Maqubela was a down-to-earth man

NATIONAL Heritage Council chief executive officer Sonwabile Mancotywa yesterday paid tribute to the the late Judge Patrick Ntobeko Maqubela.

NATIONAL Heritage Council chief executive officer Sonwabile Mancotywa yesterday paid tribute to the the late Judge Patrick Ntobeko Maqubela.

"Affectionately known as 'Bra Ntobs', Maqubela was a very warm, kind, down-to-earth person who was loving and accessible," he said.

"His loss is a blow to the NHC because he was a father figure to all the staff. He knew everybody by name, even the driver. We will really miss him.

"If indeed he was murdered, who would have done that? Where does that come from? Such a quiet and honest person," he said.

Asked if Maqubela had any health problems, Mancotywa said: "No, no, no. I don't know of such. He was not a sickly person. I never heard him complain of bleeding. He never missed meetings because he was sick."

Mancotywa said he had known Maqubela from political circles in Eastern Cape, "since our days as political activists".

In 1982 Maqubela was arrested and charged with treason and sabotage and faced execution. Two years later he was jailed for 20 years. He was released in 1990. Maqubela obtained a degree in history, an LLB and LLM while on Robben Island.

"His skill, knowledge and expertise were the reasons the then arts and culture minister Pallo Jordan appointed him NHC chairperson," said Mancotywa.

At the time of his death, Maqubela was working on a project with the NHC called the Liberation Route, which sought to identify specific historical sites of liberation icons such as Nelson Mandela, Robert Sobukwe, OR Tambo, Chris Hani, Sol Plaatje and many others. These sites would be preserved for future generations, tourists and students, Mancotywa added.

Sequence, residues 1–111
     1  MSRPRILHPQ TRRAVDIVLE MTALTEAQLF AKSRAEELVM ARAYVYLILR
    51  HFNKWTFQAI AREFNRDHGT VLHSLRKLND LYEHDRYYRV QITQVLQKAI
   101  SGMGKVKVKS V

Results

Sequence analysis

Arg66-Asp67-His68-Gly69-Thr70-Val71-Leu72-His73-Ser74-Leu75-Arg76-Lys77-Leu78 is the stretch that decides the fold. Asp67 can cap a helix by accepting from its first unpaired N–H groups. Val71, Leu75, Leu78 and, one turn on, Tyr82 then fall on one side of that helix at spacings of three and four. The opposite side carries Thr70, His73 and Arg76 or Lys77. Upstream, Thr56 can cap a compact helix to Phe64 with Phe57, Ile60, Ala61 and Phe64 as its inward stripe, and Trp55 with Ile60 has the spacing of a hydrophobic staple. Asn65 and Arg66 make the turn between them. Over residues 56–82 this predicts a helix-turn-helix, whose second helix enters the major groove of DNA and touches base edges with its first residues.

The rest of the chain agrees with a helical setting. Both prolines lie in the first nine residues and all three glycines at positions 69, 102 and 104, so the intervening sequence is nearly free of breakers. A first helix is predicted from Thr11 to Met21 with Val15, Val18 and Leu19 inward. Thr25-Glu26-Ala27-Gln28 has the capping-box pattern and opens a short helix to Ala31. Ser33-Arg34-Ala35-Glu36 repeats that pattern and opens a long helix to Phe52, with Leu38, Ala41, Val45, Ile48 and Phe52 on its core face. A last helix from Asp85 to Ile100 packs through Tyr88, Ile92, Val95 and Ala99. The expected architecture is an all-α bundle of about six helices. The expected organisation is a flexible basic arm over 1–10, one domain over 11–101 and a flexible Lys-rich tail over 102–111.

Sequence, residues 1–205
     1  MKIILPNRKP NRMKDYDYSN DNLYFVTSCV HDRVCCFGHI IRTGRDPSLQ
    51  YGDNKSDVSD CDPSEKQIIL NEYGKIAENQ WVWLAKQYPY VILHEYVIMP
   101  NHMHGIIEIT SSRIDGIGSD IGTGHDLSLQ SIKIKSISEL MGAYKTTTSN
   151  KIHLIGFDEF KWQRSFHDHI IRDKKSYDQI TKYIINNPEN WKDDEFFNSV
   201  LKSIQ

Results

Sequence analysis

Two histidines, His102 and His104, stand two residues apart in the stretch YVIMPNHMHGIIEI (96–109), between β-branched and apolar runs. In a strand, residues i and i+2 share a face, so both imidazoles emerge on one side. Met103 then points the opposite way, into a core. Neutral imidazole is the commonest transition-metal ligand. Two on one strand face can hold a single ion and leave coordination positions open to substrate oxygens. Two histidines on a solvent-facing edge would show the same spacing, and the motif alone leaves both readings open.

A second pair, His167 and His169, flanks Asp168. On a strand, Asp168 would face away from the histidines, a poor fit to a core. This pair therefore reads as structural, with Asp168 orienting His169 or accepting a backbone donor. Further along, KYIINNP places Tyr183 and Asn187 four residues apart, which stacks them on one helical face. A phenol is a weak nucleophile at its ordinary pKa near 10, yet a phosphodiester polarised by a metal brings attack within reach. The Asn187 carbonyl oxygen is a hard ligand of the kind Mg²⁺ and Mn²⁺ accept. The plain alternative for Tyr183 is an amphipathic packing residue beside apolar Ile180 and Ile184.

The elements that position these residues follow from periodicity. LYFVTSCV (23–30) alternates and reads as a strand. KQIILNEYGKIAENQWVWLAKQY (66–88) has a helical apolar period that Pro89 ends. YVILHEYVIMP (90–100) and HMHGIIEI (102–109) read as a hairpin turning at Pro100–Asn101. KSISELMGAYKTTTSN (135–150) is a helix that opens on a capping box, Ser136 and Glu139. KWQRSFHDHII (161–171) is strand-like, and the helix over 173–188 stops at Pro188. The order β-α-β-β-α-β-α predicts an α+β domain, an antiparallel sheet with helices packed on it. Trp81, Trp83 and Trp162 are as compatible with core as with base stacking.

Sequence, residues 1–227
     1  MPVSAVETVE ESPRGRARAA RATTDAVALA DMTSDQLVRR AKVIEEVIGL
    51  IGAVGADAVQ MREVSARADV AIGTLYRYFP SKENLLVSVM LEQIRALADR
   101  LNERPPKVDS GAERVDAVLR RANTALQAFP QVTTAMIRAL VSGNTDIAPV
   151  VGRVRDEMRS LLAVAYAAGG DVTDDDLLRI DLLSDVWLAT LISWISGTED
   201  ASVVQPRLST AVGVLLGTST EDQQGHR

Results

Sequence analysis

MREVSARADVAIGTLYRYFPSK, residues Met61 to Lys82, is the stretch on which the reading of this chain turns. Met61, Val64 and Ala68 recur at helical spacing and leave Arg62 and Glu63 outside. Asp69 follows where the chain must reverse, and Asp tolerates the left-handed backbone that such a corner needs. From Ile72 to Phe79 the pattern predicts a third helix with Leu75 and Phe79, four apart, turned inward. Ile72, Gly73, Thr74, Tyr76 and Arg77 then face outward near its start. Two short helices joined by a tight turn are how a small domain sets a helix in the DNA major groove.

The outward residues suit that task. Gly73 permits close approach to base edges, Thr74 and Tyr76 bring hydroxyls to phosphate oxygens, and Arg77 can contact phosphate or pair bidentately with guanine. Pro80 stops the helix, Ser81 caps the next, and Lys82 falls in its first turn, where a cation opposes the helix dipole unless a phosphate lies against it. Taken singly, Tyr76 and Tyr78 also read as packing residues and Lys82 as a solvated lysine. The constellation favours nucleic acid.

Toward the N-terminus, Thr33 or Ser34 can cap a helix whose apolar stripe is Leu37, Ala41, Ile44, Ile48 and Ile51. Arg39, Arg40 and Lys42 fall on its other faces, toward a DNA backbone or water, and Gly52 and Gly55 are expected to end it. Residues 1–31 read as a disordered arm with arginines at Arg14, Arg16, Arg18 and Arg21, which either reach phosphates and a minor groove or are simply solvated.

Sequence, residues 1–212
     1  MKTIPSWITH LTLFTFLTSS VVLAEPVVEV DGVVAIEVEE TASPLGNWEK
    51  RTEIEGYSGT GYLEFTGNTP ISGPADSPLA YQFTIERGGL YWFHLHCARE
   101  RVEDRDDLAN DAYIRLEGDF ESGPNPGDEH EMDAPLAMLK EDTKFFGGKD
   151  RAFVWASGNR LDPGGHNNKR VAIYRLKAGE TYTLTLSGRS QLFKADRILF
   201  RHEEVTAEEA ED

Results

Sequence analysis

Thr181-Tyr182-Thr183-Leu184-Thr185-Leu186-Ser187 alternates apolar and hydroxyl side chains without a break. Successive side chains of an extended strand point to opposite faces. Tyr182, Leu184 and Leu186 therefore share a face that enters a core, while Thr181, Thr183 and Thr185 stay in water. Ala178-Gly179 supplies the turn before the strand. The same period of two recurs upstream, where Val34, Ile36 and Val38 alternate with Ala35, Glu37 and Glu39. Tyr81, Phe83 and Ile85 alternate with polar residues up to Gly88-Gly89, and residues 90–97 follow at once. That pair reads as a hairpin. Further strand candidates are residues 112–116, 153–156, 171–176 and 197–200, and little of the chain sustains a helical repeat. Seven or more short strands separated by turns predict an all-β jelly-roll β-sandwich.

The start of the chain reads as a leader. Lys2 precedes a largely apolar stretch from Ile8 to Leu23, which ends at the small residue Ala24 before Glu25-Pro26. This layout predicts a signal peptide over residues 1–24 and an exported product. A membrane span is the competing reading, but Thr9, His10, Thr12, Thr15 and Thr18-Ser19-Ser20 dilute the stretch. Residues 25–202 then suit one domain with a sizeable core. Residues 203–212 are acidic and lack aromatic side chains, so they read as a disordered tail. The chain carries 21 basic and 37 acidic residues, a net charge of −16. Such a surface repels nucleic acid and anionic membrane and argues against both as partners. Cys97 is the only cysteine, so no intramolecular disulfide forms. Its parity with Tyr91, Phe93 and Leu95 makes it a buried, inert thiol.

Former National Prosecuting Authority boss Bulelani Ngcuka, speaking on behalf of the family, said: "We met in 1978 when we were serving articles in Durban at Griffiths Mxenge's firm. We shared a house between 1979 and 1981 when we were arrested.

"He was a very humble and soft-spoken person. He was not easily angered or rattled. He had a great sense of humour," said Ngcuka.

Maqubela's son, Duma, 30, said the first 12 years of his life without his father were tough. However, he was proud of him because he knew why he was in prison.

Maqubela's former wife Ntswaki Nginza-Maqubela said she met the "hard- working and compassionate" acting judge in Port Elizabeth when she was in high school and he was a student at Fort Hare University. They got married in 1977 and had two sons, the late Mpho and Duma.

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